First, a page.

WHAT’S BEING CLAIMED:
- China made history when it was able to touch down a spacecraft on the Von Karman crater, the far side of the moon, on
- Launched early last month, The Chang’e 4 took three days to travel to the moon and spent the last few weeks in orbit preparing to land.
- The mission was a technical challenge “as there is no direct way to communicate with the spacecraft as it nears its landing target.”
The Chang’e 4 spacecraft has successfully landed on the far side of the moon on Thursday, China’s state news agency Xinhua reported. China made history by becoming the first nation to touch down on the moon’s surface not visible to people on Earth.
The spacecraft, which was launched early December, took three days to travel to the moon. Then, it spent the last few weeks of the month in orbit preparing to land on the Von Karman crater — a relatively flat spot on the moon’s far side.
“China’s Chang’e-4 probe softlands on Moon’s far side,” Xinhua tweeted on Thursday.
The state news agency, citing the China National Space Administration, said that the space probe, made up of a lander and a rover, “landed at the preselected landing area on the far side of the moon at 10:26 a.m. Beijing Time.”
Since there is no direct way to communicate with the Chang’e 4 spacecraft as it nears the far side, landing on it is considered a technical challenge. To deal with it, China placed a relay satellite in orbit around the moon in May.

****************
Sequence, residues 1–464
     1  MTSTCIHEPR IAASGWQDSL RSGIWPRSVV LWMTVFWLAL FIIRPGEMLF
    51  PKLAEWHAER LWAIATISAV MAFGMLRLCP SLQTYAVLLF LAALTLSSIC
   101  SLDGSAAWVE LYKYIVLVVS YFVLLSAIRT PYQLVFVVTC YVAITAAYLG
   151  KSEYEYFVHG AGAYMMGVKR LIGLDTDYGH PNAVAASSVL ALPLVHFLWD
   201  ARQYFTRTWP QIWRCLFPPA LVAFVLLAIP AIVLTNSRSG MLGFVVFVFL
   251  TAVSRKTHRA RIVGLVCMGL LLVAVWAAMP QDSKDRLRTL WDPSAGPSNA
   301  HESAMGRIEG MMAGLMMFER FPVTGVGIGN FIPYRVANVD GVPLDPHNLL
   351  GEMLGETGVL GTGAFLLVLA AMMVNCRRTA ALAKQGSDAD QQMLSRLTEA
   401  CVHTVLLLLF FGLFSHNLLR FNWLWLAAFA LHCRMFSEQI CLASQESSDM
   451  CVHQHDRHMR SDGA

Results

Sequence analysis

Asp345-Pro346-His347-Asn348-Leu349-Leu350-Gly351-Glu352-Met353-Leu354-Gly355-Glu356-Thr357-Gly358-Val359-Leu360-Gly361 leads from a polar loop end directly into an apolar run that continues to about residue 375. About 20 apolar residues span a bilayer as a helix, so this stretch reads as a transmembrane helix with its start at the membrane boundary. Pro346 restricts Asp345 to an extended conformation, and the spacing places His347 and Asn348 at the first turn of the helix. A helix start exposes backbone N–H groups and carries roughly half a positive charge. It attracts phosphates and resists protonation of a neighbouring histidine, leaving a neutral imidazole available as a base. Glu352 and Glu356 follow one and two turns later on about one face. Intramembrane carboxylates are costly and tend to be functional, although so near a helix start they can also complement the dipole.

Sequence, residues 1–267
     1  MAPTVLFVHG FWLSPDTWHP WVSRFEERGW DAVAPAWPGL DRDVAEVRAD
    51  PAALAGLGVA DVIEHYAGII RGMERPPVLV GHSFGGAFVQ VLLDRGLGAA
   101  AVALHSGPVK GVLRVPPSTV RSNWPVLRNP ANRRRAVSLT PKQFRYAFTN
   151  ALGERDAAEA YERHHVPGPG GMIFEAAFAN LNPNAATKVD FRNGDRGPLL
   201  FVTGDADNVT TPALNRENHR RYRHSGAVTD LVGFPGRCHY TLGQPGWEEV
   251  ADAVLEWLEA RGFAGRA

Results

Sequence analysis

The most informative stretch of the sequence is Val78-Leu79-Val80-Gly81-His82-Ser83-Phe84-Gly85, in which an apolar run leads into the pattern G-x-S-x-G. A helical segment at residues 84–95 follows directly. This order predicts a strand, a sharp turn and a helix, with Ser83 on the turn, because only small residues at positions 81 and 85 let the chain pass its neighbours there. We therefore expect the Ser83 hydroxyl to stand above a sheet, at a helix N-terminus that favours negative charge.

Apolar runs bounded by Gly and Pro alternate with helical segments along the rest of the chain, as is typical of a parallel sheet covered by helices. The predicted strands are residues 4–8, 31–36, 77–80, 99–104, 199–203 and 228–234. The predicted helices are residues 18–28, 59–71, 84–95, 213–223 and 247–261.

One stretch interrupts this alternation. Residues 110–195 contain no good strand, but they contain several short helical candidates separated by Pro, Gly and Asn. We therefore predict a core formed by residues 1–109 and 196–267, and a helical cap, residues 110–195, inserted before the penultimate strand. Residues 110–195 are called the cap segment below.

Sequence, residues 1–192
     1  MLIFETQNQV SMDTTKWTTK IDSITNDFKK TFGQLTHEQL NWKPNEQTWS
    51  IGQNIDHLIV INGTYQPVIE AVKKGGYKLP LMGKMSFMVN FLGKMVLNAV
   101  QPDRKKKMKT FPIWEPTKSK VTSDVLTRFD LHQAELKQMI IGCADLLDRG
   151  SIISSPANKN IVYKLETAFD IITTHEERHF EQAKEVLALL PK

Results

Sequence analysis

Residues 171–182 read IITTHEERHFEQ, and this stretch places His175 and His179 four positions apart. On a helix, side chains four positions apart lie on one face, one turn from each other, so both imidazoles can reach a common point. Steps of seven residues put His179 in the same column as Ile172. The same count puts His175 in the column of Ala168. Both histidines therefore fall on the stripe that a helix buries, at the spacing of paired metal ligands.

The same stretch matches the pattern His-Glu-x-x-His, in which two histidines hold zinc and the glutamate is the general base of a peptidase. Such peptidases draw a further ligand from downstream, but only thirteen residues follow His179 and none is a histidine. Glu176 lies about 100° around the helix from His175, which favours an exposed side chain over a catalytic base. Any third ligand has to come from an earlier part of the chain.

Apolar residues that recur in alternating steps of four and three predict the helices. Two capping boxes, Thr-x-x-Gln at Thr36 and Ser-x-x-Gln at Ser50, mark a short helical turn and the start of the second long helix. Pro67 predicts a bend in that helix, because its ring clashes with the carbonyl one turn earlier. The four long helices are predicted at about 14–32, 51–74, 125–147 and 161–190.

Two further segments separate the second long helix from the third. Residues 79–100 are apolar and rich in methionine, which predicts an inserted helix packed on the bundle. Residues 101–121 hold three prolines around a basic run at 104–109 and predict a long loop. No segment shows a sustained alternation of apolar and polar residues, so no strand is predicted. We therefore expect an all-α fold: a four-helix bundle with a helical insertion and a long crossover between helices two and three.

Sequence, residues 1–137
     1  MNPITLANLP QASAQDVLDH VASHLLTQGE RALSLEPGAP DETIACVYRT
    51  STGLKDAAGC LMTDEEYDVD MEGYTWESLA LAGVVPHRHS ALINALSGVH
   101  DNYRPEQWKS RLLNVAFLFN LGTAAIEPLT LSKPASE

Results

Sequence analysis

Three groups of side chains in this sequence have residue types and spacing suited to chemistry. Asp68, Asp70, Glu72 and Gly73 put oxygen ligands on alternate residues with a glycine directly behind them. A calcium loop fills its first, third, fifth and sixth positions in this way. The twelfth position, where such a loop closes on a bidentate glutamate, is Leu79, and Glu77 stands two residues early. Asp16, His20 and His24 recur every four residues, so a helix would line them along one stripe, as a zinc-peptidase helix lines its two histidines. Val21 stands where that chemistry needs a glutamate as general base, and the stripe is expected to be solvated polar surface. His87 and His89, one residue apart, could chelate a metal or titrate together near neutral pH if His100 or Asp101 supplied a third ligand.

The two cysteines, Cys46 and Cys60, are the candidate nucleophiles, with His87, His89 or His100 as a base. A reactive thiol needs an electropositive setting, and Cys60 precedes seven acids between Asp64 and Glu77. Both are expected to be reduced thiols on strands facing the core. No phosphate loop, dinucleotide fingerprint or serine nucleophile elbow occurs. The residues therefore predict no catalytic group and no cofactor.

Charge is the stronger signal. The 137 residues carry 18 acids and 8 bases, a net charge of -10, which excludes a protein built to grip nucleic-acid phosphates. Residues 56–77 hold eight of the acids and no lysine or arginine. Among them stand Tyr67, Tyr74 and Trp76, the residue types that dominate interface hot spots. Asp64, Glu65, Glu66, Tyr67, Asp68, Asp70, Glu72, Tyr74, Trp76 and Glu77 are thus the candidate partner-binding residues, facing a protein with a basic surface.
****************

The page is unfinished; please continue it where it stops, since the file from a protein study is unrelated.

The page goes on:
The far side of the moon has been seen and mapped before, even by astronauts of the Apollo missions, according to CNBC. But Chang’e 4’s successful touch down marks the first time any spacecraft has landed on the moon’s far side.
Chang’e 4 represents one of the flagship parts of China’s heavy investment and growing capabilities in space through the China National Space Administration, CNBC reported.
Two years ago, China has successfully landed the Chang’e 3 on the moon, the first soft landing since 1976. The Chang’e 4 is similar in design to the Chang’e 3 spacecraft and its “Jade Rabbit” rover. The latest craft carries a bigger payload and more capabilities, aiming to study geological conditions on the far side of the moon.
China’s spacecraft was named after its Moon Goddess — Chang’e. According to the ancient tale, Chang’e took an elixir and flew to the heavens. She chose the moon as her final resting place.